I just came out of the chute from what they're experiencing. I've just had my first round of everything – grad school, teaching, professional gigs, and now I'm back in academia. I can turn around 180 degrees and say "OK, I've just done this. I know how to get you into this life and business if you have the drive for it." They've got to want it very badly.
I went to a small liberal arts college in a town a little larger than Oneonta. It focused me terrifically. Everybody practiced six or seven hours a day. I'm trying to instill that in the students here. It takes a lot to do that, to get up and practice in the morning.
What captures you? What is your spark?
It's hard to put into words; it's instinctive, intuition. It's the goose bumps you get when you listen to your favorite song or a song that reminds you of a boyfriend or girlfriend of your past, or a parent, or just a time in your life. That is a constant feeling within me with almost anything I conduct. When I'm in the zone, that energy is flowing so hot through me, it's like lava. It moves from the score to me to the ensemble to the audience and back to me and the performers. Id' like to say that I choose pieces that make me feel good, but sometimes I have to pick something I don't know very well. I'm here to learn, also. Part of my research is learning and sharing new music with the students. But almost any piece of music can bring that to me at some point, even if it's just for a second.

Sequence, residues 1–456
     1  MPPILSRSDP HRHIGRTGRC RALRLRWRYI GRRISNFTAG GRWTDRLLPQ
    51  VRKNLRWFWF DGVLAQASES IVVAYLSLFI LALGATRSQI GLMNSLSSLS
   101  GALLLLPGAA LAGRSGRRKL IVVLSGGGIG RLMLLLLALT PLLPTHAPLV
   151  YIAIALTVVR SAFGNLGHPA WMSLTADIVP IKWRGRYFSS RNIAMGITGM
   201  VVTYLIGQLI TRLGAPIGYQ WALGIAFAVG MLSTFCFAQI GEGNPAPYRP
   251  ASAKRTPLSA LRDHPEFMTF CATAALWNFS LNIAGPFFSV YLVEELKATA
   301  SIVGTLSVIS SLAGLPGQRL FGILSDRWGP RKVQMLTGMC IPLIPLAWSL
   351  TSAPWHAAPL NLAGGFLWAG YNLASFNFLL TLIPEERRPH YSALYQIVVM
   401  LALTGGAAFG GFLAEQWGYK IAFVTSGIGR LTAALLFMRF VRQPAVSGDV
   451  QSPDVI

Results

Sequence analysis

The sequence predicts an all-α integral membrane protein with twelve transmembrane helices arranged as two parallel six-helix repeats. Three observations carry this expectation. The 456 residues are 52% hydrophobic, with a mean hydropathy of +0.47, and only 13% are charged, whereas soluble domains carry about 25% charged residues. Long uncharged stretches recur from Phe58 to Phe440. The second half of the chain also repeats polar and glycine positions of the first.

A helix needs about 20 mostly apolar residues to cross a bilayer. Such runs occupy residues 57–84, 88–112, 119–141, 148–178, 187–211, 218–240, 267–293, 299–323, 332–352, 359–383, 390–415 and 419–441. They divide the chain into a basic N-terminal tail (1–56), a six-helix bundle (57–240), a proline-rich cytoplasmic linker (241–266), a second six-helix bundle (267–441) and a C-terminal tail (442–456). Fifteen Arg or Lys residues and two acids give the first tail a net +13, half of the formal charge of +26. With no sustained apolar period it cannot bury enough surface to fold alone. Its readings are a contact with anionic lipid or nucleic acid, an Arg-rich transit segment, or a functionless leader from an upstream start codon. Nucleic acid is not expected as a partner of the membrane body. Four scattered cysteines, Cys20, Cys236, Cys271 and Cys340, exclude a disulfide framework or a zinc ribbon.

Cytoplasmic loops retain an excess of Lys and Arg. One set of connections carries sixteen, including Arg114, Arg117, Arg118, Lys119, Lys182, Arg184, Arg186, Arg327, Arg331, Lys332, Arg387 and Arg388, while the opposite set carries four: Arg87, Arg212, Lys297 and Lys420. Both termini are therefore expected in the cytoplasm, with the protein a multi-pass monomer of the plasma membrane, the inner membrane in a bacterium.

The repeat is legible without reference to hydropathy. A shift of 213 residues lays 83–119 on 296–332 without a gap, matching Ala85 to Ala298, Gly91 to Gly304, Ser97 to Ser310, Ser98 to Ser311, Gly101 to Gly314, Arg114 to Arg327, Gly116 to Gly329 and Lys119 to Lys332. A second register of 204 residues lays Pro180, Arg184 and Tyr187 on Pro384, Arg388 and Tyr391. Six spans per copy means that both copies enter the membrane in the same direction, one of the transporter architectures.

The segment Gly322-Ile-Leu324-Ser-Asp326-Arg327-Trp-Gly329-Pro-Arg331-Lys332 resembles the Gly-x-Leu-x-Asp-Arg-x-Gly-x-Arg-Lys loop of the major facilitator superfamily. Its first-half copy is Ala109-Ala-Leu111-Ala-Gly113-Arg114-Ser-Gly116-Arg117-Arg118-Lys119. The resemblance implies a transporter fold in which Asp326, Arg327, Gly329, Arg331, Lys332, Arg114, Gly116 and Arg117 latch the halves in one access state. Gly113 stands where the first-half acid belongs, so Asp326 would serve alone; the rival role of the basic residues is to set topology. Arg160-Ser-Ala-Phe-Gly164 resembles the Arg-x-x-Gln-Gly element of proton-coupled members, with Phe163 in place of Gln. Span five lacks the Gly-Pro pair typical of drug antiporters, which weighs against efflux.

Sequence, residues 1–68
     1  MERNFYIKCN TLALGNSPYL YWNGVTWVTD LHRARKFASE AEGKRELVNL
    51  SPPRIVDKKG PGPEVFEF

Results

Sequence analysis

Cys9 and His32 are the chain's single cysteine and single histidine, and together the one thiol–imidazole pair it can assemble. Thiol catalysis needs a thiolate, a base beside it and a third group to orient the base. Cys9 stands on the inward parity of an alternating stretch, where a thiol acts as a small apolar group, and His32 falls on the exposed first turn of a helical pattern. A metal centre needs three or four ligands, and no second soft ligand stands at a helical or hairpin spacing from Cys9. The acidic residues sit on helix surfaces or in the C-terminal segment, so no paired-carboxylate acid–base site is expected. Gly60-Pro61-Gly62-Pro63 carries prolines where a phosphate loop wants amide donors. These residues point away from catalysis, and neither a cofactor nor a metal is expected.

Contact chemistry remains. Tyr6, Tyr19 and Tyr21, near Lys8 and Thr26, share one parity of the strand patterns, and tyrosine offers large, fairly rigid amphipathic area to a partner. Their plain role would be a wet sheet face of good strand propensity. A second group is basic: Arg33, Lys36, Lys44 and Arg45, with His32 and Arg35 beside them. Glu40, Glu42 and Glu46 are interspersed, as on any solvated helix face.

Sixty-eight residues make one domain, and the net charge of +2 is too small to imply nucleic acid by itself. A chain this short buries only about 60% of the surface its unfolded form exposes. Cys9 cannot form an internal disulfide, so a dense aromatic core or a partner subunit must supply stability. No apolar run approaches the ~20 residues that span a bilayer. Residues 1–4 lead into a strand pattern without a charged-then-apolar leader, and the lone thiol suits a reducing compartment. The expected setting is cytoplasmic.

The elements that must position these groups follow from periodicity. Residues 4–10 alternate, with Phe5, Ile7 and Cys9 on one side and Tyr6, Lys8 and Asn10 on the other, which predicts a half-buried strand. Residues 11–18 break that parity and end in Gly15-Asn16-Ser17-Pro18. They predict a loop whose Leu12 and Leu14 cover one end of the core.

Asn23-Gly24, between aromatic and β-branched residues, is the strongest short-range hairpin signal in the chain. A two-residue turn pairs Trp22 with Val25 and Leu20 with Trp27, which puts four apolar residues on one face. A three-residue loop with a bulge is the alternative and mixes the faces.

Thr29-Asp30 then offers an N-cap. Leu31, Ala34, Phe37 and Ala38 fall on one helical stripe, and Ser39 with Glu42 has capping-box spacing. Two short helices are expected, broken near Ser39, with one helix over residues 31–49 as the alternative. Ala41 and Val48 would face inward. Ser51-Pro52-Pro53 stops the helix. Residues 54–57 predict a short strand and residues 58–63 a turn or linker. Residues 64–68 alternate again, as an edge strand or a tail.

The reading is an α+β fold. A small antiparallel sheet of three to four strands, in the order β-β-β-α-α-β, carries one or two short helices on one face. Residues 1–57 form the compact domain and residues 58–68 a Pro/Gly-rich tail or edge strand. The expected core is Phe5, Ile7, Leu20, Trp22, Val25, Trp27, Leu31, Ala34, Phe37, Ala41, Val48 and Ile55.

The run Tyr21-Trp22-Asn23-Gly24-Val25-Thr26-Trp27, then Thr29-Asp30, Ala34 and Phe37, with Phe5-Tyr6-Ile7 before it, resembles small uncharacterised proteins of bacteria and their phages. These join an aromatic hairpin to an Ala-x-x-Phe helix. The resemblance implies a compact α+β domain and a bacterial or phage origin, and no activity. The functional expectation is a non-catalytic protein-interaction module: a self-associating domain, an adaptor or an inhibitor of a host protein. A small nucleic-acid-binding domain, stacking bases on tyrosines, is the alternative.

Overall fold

What's on your iPod?
I don't own an iPod. I've never liked concentrated sound on my ears – I don't use headphones unless I'm editing a sound file. But there are thousands of songwriters and composers students should experience: Gustav Mahler, Claude Debussy, Thelonious Monk, Lady GaGa, Leonard Bernstein, Stephen Soundheim. It's almost impossible for me to narrow to even five composers in a genre. There are so many, it's unfair.
What research are you doing?
I am writing two music method books. One is on the art of conducting, focusing on advanced ambidexterity and expressive techniques. The other is a French horn method for an advanced high school student or early college student. In other musical terms, I'm always researching musical scores, including jazz, rock and pop music.
What are your most recent publications, scholarly works, exhibitions, performances?
I have been a guest conductor for the Schenectady Symphony, Albany Pro Musica, Albany Symphony, and Catskill Symphony; and, many fantastic All-Counties and Area All-State Festivals, including residual recordings/DVDs. I have also arranged more than 75 scores and parts for full Symphony and Rock Orchestra, beyond a plethora of chamber music arrangements.
What is your most valued Hartwick experience?
Rock Orchestra. We work SOOO hard to produce it, and the students and families are more elated from the experience every year. Many high schoolers participated again this year, and their parents were in tears.
What do you consider your most important contribution to Hartwick?
Enabling the students to discover and exploit their own potentials, musical or otherwise, and seeing the living proof through their achievements here and when they succeed Hartwick.